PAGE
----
Israel’s Ambassador-designate to Italy Opts Out of Role, After Comments on Netanyahu's Wife Resurface

Fiamma Nirenstein's announcement comes three weeks after Haaretz revealed would-be envoy called Sara Netanyahu a 'monster' in 1996 article.

Israel’s ambassador-designate to Italy Fiamma Nirenstein and Sara Netanyahu.
Moti Milrod and Amos Ben Gershom / GPO

Italian former MP Fiamma Nirenstein announced on Tuesday evening that she is renouncing her candidacy to be the Israeli ambassador in Rome.

Nirenstein's announcement comes three weeks after Haaretz revealed that in the past Nirenstein had written harsh comments against Sara Netanyahu, the wife of Prime Minister Benjamin Netanyahu. Haaretz also revealed that the Italian prime minister had sent messages to the Prime Minister's Office in Jerusalem stating that he would prefer it if Netanyahu would appoint someone else.

Nirenstein announced in an official statement that she had informed Prime Minister Netanyahu on Tuesday that she had decided to withdraw her candidacy for the position. “I thank the prime minister for the trust he put in me. I would like to express my readiness to contribute on behalf of the State of Israel as best as I can,” she said.

The choice of former Italian MP Nirenstein as Israel’s next ambassador to Rome had initially been controversial primarily due to opposition from the Italian Jewish community and various Italian government ministries. However, in April Haaretz reported on comments that Nirenstein wrote in the past as a journalist who covered Israel for Italian media outlets, in which she described Sara Netanyahu as a "monster dressed up as the first lady."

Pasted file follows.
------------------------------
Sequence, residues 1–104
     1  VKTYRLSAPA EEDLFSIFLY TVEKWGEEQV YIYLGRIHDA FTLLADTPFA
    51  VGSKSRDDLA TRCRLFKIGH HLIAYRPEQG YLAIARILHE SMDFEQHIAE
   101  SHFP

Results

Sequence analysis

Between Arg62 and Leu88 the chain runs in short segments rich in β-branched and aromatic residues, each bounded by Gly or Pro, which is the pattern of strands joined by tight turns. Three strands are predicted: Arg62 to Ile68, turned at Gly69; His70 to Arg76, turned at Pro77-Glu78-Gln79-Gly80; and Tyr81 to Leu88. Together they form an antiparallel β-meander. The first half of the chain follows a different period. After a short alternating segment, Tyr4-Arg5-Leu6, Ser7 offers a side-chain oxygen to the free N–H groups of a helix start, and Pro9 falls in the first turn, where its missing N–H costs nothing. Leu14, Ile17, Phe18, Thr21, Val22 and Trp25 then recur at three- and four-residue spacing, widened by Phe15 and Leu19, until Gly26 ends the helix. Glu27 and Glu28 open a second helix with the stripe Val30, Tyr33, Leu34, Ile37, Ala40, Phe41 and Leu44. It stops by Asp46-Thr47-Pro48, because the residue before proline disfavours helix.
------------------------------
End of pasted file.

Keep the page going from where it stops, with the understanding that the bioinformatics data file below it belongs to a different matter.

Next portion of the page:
In the 1996 article, Nirenstein related a number of alleged incidents involving Sara Netanyahu’s conduct in the initial months of Benjamin Netanyahu’s first term as prime minister in 1996.

Nirenstein noted that Sara Netanyahu was trying to compare herself to former American first lady Jacqueline Kennedy and was making use of her own family for political purposes, exposing her children to the camera, a common practice in American politics. “Not only is she not on that level, but in so doing, she is running the risk that her choice will backfire on her,” Nirenstein wrote.

Nirenstein also quoted remarks purportedly made by two childcare staff people who worked in the Netanyahu household at the time. “They recount terrible incidents of miserliness and obsessive neurosis inside the Netanyahu home,” the Italian journalist wrote at the time.

Netanyahu announced the appointment of Nirenstein as Israeli ambassador to Rome back in August of last year. Nirenstein, 71, worked for years as a journalist. Between 2008 and 2013, she was a member of the Italian parliament affiliated with the right-wing party of Prime Minister Silvio Berlusconi. She was also deputy chairperson of the Foreign Affairs Committee of the Chamber of Deputies, the lower house of the Italian parliament.

Haaretz reported that Italian Prime Minister Matteo Renzi conveyed a discreet message to Netanyahu asking him to reconsider Nirenstein's appointment. At a briefing of diplomatic reporters Netanyahu denied received such a message.

An Israeli source said that the message from Renzi was conveyed after his office realized the problems that could arise if Nirenstein became ambassador. Italy’s Jewish community was unhappy with the choice, and the Italian foreign and defense ministries opposed it.